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Do You Hear That? Sounds Like... Trade Whispers!

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With the non-waiver trade deadline less than a week away, and the Detroit Tigers currently 5 1/2 games out of first place in the AL Central, the winds of rumor are beginning to swirl around a team that previously looked to be sitting out of the wheeling-and-dealing fun that could take place throughout baseball.

Did we think we heard the name "Sheffield" or is it just the wind making that "shhh" noise as it blows by? (Or maybe I heard Blake make that sound.) According to ESPN.com's Jayson Stark, the Tigers are apparently jingling Gary Sheffield around the league to see if there's any interest in him. Despite the .221/.331/.365 average, there's still some sizzle to that waggle, as many hopeful Tigers fans point out, and Sheffield could help a team in need of a right-handed bat. But how could Detroit make a deal compelling? By agreeing to eat a significant portion of the $14 million that Sheff is owed next season.

Another veteran underperformer who the Tigers might like to deal is Edgar Renteria. And there could be a willing trade partner in the Los Angeles Dodgers. If the Dodgers' front office can decide who's actually making the call, SI.com's Jon Heyman reports that a veteran shortstop is at the top of their shopping list. One team they might have to compete with on that is the White Sox, who are apparently willing to deal Orlando Cabrera.

The purpose behind any deal, of course, would be to get pitching. (Though Stark says a young shortstop is also on the Detroit's wish list.) And either the Orioles or Blue Jays have someone the Tigers are interested in, according to the Baltimore Sun. The question, as Billfer points out, is whether O's reliever George Sherrill is the guy Detroit scouts were checking out, or Jays starter A.J. Burnett.

The initial thought is that the Tigers don't need a left-handed reliever, with Bobby Seay and Casey Fossum already in the major league bullpen, with Clay Rapada a drive up I-75 away from contributing to the cause. But maybe it doesn't matter which hand Sherrill throws with, if he's the best available reliever on the market. As it is, Sherrill might be a higher priority for other teams, and the Tigers might just be looking into what's being asked for or offered.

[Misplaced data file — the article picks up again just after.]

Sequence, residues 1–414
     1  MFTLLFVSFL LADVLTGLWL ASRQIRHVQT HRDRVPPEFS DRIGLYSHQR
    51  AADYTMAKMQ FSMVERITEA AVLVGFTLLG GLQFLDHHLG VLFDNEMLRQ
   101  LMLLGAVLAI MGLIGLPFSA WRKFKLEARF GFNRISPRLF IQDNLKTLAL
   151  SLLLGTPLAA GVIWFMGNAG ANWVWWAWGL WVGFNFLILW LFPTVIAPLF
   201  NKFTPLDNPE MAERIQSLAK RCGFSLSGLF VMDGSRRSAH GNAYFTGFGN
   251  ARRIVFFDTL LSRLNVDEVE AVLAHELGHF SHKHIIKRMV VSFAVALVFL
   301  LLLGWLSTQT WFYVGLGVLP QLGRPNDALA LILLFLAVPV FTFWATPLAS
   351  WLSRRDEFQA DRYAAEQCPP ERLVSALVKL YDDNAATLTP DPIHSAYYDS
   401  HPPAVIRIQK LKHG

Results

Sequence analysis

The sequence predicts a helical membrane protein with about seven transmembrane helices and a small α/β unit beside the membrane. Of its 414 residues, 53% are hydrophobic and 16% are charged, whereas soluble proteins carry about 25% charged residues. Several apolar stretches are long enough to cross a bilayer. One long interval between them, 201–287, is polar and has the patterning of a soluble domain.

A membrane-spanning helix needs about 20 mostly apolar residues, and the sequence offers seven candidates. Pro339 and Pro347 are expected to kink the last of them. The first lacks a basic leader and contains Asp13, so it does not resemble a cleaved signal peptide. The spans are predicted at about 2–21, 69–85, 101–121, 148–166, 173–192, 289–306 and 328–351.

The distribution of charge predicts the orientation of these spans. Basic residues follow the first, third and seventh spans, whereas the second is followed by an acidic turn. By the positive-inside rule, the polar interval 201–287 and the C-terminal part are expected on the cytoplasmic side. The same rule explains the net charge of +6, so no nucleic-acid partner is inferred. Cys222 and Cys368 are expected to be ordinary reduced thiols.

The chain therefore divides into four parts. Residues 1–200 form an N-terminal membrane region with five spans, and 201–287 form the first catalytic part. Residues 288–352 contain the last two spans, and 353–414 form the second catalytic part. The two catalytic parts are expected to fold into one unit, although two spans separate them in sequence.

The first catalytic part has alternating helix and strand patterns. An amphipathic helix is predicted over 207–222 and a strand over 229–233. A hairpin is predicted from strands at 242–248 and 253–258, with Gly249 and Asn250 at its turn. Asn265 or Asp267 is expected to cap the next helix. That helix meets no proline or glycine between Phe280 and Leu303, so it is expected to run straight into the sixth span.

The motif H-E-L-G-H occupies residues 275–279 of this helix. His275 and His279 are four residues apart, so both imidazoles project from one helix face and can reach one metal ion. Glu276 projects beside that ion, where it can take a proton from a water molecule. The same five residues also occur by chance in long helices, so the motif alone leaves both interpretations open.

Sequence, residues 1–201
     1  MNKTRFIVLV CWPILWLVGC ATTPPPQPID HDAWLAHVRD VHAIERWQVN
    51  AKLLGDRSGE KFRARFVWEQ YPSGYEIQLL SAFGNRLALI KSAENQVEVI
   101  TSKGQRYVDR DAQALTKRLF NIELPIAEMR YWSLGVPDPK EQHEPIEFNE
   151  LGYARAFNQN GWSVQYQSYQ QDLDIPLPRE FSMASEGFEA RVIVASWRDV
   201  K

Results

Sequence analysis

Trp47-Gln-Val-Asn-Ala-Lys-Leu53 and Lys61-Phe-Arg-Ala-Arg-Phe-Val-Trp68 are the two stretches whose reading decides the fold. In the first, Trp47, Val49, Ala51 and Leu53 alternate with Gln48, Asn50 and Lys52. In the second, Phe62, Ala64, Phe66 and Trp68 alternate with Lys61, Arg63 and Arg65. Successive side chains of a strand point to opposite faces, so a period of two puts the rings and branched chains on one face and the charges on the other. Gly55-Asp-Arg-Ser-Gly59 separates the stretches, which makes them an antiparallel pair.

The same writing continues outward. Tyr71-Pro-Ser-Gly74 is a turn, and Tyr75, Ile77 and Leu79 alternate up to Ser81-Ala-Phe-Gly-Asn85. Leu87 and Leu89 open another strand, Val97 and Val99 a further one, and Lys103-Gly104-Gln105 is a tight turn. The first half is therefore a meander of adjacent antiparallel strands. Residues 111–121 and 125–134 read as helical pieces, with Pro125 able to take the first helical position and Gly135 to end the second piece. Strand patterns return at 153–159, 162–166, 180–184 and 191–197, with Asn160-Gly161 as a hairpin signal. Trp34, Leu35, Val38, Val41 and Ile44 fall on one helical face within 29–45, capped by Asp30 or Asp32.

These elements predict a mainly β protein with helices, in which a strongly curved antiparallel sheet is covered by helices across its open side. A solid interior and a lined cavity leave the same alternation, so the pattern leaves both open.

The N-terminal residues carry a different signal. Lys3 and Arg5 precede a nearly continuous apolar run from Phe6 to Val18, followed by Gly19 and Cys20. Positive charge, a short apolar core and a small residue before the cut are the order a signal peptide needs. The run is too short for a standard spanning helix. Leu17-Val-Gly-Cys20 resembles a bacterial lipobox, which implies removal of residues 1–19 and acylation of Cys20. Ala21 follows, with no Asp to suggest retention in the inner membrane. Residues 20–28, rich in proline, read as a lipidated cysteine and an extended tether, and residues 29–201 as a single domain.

(Is it worth once again asking why Detroit traded Denny Bautista? Probably not.)

And as far as Burnett goes, we know he's a guy Dave Dombrowski has always been interested in, having acquired him when he was running the operation for the Florida Marlins. And starting pitching is arguably a greater need for the Tigers right now, anyway.

One reliever who's no longer available, if he was on Detroit's list of hopefuls, is Jon Rauch, who was dealt to the Arizona Diamondbacks earlier this week for second base prospect Emilio Bonifacio. I'm out of my league when it comes to minor league stuff, but when I see a deal like that, my first thought is usually, "Could the Tigers have made that deal?" Am I suggesting Detroit should've given up Michael Hollimon for Rauch? Probably not, if they see him as Placido Polanco's eventual replacement in 2010.

Besides, maybe the Nationals were looking for speed in a deal. And perhaps the Tigers' hands were tied by so many middle infield injuries throughout their minor league system. But if Freddy Dolsi's shoulder problems don't clear up soon, Detroit might also be asking what else they can do to nab a reliever.

So does this chatter get you excited, or is it far too optimistic to think that Sheffield or Renteria could somehow be dealt to get pitching help in return?